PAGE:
By 2021, Canada’s legalized adult-use cannabis market could have some 3.8 million legal consumers and sales of 6 billion Canadian dollars ($4.5 billion), according to financial analysts at Canaccord Genuity, an investment bank and research firm.
“Recreational upside could be a game changer,” said a report released Monday by Canaccord analysts Matt Bottomley and Neil Maruoka. The report also forecast that tough licensing standards will raise barriers to entry and there will be supply shortfalls until production hits stride in 2020, according to Bloomberg News.
The Canaccord analysts also predicted that annual marijuana demand would grow from about 882,000 pounds in the legalized market’s first full year to almost 1.27 million pounds in 2021.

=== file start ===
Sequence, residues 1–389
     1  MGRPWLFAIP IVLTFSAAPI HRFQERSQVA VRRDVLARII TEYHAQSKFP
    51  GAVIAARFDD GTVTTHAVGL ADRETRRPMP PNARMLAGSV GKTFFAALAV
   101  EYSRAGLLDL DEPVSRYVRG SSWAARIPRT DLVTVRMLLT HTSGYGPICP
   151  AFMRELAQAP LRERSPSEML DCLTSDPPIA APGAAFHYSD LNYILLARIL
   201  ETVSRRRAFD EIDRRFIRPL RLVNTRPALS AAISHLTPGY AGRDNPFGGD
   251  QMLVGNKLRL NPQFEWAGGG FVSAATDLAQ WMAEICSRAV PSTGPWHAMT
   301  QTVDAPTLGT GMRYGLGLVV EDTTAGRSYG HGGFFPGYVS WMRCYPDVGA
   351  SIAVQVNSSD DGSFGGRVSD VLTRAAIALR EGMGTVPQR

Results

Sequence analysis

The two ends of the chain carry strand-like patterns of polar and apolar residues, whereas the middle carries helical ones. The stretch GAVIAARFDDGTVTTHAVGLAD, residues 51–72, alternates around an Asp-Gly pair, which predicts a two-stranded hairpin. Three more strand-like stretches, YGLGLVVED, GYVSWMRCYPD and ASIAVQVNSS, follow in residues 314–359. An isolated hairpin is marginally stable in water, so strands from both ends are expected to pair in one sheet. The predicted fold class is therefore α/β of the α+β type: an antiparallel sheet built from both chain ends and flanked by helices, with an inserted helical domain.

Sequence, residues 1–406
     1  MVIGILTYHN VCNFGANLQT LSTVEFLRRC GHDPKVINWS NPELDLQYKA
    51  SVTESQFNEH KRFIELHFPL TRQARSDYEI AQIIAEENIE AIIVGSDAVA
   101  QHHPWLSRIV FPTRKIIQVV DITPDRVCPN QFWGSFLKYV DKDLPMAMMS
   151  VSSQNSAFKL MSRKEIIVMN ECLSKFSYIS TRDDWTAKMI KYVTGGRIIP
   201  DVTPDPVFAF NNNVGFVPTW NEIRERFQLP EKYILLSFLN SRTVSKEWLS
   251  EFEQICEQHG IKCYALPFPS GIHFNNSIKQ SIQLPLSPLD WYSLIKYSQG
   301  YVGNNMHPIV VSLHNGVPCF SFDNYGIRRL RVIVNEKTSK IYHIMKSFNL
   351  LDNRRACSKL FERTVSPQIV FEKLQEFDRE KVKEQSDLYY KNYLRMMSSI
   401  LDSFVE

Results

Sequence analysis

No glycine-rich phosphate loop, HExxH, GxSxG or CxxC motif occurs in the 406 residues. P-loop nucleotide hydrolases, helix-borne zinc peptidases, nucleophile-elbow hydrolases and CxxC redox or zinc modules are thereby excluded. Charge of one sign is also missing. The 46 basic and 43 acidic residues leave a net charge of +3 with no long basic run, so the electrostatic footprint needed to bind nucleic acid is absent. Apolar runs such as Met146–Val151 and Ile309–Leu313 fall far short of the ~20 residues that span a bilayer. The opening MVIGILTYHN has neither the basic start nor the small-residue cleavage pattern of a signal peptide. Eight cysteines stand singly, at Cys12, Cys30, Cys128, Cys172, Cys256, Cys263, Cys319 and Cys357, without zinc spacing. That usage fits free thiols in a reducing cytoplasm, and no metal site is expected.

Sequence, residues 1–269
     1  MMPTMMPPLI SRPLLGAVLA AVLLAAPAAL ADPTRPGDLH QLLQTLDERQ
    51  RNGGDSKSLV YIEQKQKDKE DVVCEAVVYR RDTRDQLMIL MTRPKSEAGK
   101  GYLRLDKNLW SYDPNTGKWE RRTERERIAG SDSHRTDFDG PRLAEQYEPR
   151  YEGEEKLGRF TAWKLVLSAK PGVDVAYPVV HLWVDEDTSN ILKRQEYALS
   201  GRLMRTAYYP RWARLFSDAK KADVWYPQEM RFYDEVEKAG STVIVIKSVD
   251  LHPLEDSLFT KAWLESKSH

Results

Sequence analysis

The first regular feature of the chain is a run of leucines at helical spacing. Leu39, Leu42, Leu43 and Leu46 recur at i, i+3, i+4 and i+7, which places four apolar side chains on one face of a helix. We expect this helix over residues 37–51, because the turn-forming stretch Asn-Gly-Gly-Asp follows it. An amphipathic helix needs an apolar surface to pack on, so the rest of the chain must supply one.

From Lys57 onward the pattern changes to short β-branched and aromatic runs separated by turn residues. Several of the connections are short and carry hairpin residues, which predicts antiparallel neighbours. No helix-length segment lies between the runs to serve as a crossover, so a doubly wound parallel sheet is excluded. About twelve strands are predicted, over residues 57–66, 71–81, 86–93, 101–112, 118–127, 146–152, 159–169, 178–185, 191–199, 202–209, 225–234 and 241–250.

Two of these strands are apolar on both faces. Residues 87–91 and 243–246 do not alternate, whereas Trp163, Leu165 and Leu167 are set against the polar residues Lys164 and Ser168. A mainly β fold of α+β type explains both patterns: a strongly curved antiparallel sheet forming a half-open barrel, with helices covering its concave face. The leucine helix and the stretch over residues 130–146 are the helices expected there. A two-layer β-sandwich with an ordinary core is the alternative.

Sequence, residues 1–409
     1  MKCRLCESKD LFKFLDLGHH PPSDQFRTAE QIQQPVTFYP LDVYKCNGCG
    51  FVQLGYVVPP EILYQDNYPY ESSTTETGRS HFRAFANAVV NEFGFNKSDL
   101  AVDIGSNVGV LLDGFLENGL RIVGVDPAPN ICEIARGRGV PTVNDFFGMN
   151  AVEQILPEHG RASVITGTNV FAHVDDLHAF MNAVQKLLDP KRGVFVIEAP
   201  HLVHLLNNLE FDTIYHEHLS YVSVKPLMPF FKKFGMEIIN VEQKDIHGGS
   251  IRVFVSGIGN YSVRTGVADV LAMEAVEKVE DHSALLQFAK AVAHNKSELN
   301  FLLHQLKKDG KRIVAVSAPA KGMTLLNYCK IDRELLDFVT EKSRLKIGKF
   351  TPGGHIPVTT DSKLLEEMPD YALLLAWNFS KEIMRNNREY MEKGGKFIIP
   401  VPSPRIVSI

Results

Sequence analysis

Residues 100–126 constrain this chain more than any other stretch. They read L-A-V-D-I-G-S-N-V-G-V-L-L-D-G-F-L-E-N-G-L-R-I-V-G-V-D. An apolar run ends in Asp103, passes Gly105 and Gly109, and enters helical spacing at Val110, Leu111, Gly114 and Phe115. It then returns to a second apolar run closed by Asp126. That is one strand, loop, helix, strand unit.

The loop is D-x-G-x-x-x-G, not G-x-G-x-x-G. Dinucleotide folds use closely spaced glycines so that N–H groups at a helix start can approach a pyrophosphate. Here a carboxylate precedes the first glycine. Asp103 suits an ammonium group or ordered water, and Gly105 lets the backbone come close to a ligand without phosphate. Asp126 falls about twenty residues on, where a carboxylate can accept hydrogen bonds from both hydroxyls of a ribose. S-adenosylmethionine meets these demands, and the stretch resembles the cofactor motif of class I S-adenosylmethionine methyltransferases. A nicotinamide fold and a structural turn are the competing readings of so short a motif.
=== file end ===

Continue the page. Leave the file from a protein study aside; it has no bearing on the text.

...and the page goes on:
Prime Minister Justin Trudeau’s government plans to introduce legalization legislation in spring 2017, but sales aren’t expected to begin until 2018.
On Wednesday, a Canadian task force is supposed to deliver a report to Trudeau’s cabinet on which rules should govern the country’s cannabis marketplace. However, the report will not be be released publicly until “a later date,” a task force spokeswoman told the Ottawa Citizen.
Meanwhile, the overseer of Trudeau’s plan to legalize rec cannabis may have violated ethics guidelines. In question is whether parliament secretary Bill Blair broke Trudeau’s “preferential access” rule by appearing at a marijuana group’s benefit at a law firm that counsels cannabis clients, the Globe and Mail reported.